However, anxiety can negatively affect your sleep causing you to not effectively empty your stress bucket and over time it will build up and build up…
Eventually it will overflow and this causes you to snap over the slightest thing, panic, feel overwhelmed and even suffer with anxiety and panic attacks. And if this continues over a long period of time it can lead to an emotional breaktime and even burnout.
The problem is that the more your bucket fills up, the more you’re in your negative survival brain. This means you are on the lookout for more dangers and you notice more negative things (this can happen on a unconscious level), which leads to the bucket filling up even more.
It’s a vicious loop!
And ruminating about anxiety and getting frustrated isn’t helping! It’s only filling up your stress bucket further... The more we think about anxiety and what it's doing to us and how paralysing it is, the stronger it grows.
So how do you cope with unexpected anxiety?
Reframe your focus by looking for the good.
Instead of focusing on the anxiety and why it’s suddenly appeared, focus on the things that are going well. Think about your strengths, what has been positive in your day so far and the things you are looking forward to that are coming up.
This can seem tricky to start with and you may well roll your eyes at me and think ‘Geez Nicole, my anxiety is still here so that’s no help!’ But hear me out…
By intentionally shifting your attention to your strengths and the good things, you’re actually making your anxiety weaker. You're also not filling up your stress bucket with negative thoughts. And as you practise doing this more and more, it will become a habit and you’ll learn to not give anxiety any of conscious energy.
Guided breathing exercises
You can reduce your anxiety and stress levels naturally by activating your body’s relaxation response. This activates your parasympathetic nervous system (that works in the opposite way to the sympathetic nervous system discussed earlier). There are so many different breathing exercises you can try – you can find thousands on YouTube.
A simple one is to breathe in for the count of 4, hold and then breathe out for 6.
Another one I love is the ‘Physiological Sigh’ which Andrew Huberman, a neuroscientist at the University of Standford uses. He explains it as taking ‘ two inhales, followed by an extended exhale' (check out the video here that explains this exercise in more detail).
Focus on your surroundings
Distract yourself from your negative thoughts by shifting your focus from your anxiety to your surroundings. Scan the room and name the things that you see around you. If you are able to say what you see out loud then do that as well and you can couple this with a positive affirmation such as ‘And I am safe.’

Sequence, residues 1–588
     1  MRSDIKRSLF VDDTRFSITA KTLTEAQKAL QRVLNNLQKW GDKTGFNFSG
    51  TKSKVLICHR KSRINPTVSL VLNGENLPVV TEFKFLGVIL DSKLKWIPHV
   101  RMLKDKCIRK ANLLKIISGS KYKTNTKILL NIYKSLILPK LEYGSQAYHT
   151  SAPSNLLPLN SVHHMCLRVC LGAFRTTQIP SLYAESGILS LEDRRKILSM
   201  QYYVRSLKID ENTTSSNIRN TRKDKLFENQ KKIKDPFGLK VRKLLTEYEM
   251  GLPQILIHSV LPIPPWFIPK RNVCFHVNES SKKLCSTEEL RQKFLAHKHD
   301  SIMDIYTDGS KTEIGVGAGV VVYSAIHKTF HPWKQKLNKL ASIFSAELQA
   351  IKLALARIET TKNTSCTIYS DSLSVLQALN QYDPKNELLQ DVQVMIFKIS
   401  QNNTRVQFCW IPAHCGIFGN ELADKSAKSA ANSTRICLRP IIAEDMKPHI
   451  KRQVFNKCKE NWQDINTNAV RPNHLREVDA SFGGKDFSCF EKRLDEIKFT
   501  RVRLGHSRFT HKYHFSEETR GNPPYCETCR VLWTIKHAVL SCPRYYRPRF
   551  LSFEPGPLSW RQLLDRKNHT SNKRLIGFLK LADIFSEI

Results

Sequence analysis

So for example… ‘Blue photoframe… I am safe… coffee cup…I am safe… grey two-seater chair…I am safe.’
It’s a good idea to practice these tools regularly so that you have them to hand when the anxiety does hit.
Do things that relax you
You may want to learn relaxation techniques such as progressive muscle relaxation (PMR). PMR exercises help you to lower your overall tension and stress levels, and help you relax when you are feeling anxious. They can also be beneficial in helping you to reduce physical problems such as stomach pains and headaches, as well as improving your sleep.
Guided relaxations and mindfulness activities are great too but you can also focus on a hobby that you enjoy to distract your mind from the symptoms you are experiencing.
Go for a walk, do yoga or some light stretches. These all help minimise your day-to-day stresses and release feel good chemicals like serotonin, dopamine and endorphins, which help you to relax and cope when things feel challenging.
Staying sufficiently hydrated and nourished.
When you’re hungry or thirsty, your survival brain kicks in (food and water are basic needs so if you’re not getting enough your body will think that it’s going through famine and drought). When your brain is in survival mode your anxiety will heighten as it is on the lookout for danger.
Limit caffeine and alcohol
Both of these are stimulants which will increase your heart rate and activate your survival brain. They also impact your sleep and overtime can make your anxiety worse.
Talk with a therapist.
If you feel overwhelmed by worries, you don’t have to go through this alone.
Contrary to common belief, you don’t need to unpack and delve into the problem – and sometimes there isn’t an easily identifiable trigger for the anxiety you're experiencing, it can just be a culmination of lots of different things.
Solution Focused Hypnotherapy can help you break the cycle of anxiety and help you navigate tough feelings.
By working together, we can get you out of your irrational survival brain and help you feel more in control. We focus on the 'not so' silly things in your life, the things that matter to you, which literally rewires your brain and changes that anxiety template that you are currently working from.
If you are struggling to manage your anxiety and are looking for a gentle, effective way then get in touch to book a free informal chat.